From the time I was 10 years old, I knew what I wanted to name my daughter. I was a huge fan of the American Girl Books and absolutely adored the character of Samantha Parkington. I dreamed of one day having a dark-haired little girl and getting to use my favorite name. After marrying Micah, we realized that one of his favorite girl nicknames was Sammy, so ours truly was a match made in heaven. Finally, our dream came true and Samantha Marlene Peter joined our family (only she was blonde like Kirsten, my other favorite AG character)
Unfortunately, while we had “Samantha” picked out for over a decade, we had no idea what name we wanted for a second little girl.
When it came time for the gender reveal ultrasound, we were happy either way, boy or girl. They announced that it was a girl (yay!) and then came the arduous task of going through baby name books and top 100 lists and listening to suggestions and recommendations for months on end. We finally settled upon Abigail. We both like the name and loved the nickname Abby. But you know how it is when you think of something unique and suddenly you hear about that thing everywhere? That’s how it was with the name Abigail. As soon as we decided on that name we heard it at every store, remembered every person we knew with that name, and I even photographed a brand-new baby girl named Abigail. So to the bottom of the list it went.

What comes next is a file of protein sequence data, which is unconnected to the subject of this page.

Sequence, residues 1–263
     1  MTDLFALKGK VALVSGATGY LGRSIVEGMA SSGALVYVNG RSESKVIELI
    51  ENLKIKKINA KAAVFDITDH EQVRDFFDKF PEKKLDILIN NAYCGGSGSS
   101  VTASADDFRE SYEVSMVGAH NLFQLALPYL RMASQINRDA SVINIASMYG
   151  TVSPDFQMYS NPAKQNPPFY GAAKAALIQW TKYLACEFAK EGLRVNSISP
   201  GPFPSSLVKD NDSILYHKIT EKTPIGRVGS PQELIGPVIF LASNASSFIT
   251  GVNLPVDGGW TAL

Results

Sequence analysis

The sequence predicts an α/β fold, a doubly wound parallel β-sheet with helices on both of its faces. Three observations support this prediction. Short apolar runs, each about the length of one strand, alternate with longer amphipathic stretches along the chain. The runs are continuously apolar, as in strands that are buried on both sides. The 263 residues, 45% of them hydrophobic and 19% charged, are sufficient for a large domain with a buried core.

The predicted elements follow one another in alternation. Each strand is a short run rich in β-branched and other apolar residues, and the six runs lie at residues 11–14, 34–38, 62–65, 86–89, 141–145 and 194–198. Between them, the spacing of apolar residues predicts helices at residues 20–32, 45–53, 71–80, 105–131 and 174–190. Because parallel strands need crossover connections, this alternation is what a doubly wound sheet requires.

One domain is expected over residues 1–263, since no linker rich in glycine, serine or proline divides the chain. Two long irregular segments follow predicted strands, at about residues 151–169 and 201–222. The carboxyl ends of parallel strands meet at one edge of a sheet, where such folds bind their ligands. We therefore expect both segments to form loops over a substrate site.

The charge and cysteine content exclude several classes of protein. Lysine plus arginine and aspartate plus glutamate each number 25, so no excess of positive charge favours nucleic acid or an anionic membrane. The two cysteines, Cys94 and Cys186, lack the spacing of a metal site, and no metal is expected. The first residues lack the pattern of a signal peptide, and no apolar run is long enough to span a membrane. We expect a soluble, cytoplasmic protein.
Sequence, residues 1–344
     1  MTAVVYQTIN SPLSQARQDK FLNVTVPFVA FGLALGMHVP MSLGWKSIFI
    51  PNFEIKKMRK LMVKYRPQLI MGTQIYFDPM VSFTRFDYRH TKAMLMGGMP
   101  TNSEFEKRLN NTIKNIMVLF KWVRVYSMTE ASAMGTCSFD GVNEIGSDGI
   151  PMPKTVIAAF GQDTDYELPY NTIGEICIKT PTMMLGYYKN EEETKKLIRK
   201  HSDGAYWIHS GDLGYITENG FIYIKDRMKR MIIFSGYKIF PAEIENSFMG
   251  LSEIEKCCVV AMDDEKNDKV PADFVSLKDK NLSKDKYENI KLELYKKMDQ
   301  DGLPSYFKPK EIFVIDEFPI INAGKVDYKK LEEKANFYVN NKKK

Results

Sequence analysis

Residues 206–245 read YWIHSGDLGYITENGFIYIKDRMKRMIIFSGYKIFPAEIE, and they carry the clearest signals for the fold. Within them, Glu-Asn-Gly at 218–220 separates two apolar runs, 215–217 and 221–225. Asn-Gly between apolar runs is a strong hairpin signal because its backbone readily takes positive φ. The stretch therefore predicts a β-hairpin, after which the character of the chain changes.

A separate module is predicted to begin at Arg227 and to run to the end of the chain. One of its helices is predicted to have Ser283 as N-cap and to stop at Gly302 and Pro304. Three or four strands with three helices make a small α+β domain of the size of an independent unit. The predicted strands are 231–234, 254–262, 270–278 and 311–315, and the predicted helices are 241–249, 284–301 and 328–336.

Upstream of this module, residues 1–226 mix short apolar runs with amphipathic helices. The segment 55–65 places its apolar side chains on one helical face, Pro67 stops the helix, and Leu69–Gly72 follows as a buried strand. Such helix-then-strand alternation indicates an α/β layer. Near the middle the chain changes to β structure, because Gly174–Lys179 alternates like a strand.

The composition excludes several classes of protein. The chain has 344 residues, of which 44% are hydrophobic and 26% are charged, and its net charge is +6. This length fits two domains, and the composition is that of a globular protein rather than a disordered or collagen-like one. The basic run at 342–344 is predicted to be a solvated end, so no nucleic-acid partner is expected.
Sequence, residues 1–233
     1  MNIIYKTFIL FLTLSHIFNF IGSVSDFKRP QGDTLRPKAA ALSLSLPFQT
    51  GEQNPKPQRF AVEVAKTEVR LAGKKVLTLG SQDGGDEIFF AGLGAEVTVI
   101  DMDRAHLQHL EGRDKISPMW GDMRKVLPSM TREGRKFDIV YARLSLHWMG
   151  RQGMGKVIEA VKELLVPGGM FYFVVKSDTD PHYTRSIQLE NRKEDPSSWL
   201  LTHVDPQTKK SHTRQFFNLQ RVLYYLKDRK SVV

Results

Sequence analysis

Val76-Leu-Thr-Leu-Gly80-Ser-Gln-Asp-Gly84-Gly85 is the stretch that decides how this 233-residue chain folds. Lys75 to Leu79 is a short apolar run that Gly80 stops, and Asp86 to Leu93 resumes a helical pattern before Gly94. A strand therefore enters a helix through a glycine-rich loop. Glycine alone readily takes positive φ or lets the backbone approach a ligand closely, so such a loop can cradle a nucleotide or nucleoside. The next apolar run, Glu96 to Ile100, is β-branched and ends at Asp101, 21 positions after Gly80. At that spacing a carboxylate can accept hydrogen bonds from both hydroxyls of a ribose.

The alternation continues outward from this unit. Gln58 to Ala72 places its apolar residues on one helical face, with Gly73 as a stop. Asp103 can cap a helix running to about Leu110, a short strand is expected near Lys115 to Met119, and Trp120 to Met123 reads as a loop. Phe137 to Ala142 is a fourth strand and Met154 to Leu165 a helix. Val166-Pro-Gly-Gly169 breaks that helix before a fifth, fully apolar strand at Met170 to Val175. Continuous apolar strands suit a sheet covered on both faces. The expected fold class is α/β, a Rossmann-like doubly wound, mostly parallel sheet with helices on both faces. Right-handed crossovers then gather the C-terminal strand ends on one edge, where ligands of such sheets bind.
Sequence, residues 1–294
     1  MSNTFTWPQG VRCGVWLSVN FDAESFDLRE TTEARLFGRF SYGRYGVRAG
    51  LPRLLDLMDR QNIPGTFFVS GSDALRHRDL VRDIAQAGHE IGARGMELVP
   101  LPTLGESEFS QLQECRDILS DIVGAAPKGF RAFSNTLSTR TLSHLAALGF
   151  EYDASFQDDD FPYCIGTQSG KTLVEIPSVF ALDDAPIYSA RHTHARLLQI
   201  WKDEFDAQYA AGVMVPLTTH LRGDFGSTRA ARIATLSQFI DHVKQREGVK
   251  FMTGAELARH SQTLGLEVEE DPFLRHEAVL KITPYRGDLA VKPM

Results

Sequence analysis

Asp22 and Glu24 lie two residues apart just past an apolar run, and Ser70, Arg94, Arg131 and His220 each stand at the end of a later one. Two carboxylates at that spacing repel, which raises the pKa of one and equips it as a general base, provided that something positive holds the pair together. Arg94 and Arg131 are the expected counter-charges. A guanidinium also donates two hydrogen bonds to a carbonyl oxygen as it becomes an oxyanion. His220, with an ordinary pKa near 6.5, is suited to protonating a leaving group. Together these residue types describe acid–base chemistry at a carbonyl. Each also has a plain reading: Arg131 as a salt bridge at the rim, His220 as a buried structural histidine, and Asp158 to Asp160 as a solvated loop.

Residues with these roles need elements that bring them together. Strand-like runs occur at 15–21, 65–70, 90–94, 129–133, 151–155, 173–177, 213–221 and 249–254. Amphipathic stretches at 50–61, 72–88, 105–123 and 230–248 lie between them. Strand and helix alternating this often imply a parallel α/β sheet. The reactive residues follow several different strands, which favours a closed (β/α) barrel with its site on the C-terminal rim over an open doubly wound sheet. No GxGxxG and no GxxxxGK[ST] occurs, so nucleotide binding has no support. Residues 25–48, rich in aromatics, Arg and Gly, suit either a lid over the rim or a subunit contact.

Then one day in my third trimester I was driving and chatting with my mom and we started talking about baby names. She started googling popular baby names from 1900, since both Micah and I prefer classic, somewhat traditional names. We went through the “A’s” (and yes, Abigail was on the list), and then through the “B’s”, and then through the “C’s”. Halfway through she said the name “Clara” and I said, “Oh, that’s pretty!… wait, wasn’t that Granny’s name?”
You see, my great-grandmother was Clara Louise Butts. But back in the early part of the 20th century, Clara was an old-fashioned name (after all, it’s what all the moms and aunties and grandmas from 1900 were named) and Louise was so much more modern in 1940. So, everyone called her Louise and it wasn’t until I was in my teens that I found out Granny’s full name and I had clearly forgotten that fact a decade later, until running across it in that list.
I liked Clara. I really liked Clara. It was short and cute and pretty. Very classic but with a modern ring to it. Clara was the name of a character from Adventures in Odyssey (one of my favorite episodes growing up) as well as the name of one of the companions on Doctor Who, which I knew would make Micah happy, since it was his favorite of the bunch.
The name was tucked away in my notebook and a few days later we were talking baby names after church and that name got mentioned out of the blue. Micah said he really like it and I said that I really liked it, too, and had thought of it a few days ago. “No, you didn’t,” he said disbelievingly. So I took that little notebook out of my purse and showed it to him. Our eyes met and right then and there we knew what he name would be.
Clara Jeanne Peter.
Clara for my great-grandmother and Jeanne, the name she would share with Micah’s mother and grandmother. Samantha Marlene is my namesake and we share middle names along with my mother and grandmother. And now Micah’s family legacy would be carried on, too.
Clara, Clare-bear, Clara Jeanne, CJ, Clary-beary… so many cute nicknames for the cutest baby around.
Update 2019- we’ve since added Clerber to the list of nicknames. It started as Clare-bear and then we just got lazy and now she’s Clerber. It makes us all giggle.
My baby girl. My Clara Jeanne.